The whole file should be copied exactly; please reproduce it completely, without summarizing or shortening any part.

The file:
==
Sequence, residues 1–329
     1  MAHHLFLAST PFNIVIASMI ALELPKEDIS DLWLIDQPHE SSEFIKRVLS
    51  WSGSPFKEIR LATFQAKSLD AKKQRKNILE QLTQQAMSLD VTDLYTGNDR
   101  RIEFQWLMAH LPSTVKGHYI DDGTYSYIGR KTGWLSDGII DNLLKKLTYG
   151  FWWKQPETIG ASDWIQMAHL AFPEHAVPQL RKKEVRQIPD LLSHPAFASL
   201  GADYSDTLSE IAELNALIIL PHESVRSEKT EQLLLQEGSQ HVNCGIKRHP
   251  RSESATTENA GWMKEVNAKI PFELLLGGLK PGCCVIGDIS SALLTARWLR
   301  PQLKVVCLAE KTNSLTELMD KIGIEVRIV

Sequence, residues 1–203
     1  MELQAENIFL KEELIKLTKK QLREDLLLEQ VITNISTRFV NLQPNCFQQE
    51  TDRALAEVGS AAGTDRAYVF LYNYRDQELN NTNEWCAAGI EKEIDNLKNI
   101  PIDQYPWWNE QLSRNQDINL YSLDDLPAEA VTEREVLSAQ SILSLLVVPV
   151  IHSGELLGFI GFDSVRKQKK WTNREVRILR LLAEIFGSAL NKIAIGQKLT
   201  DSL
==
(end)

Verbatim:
Sequence, residues 1–329
     1  MAHHLFLAST PFNIVIASMI ALELPKEDIS DLWLIDQPHE SSEFIKRVLS
    51  WSGSPFKEIR LATFQAKSLD AKKQRKNILE QLTQQAMSLD VTDLYTGNDR
   101  RIEFQWLMAH LPSTVKGHYI DDGTYSYIGR KTGWLSDGII DNLLKKLTYG
   151  FWWKQPETIG ASDWIQMAHL AFPEHAVPQL RKKEVRQIPD LLSHPAFASL
   201  GADYSDTLSE IAELNALIIL PHESVRSEKT EQLLLQEGSQ HVNCGIKRHP
   251  RSESATTENA GWMKEVNAKI PFELLLGGLK PGCCVIGDIS SALLTARWLR
   301  PQLKVVCLAE KTNSLTELMD KIGIEVRIV

Sequence, residues 1–203
     1  MELQAENIFL KEELIKLTKK QLREDLLLEQ VITNISTRFV NLQPNCFQQE
    51  TDRALAEVGS AAGTDRAYVF LYNYRDQELN NTNEWCAAGI EKEIDNLKNI
   101  PIDQYPWWNE QLSRNQDINL YSLDDLPAEA VTEREVLSAQ SILSLLVVPV
   151  IHSGELLGFI GFDSVRKQKK WTNREVRILR LLAEIFGSAL NKIAIGQKLT
   201  DSL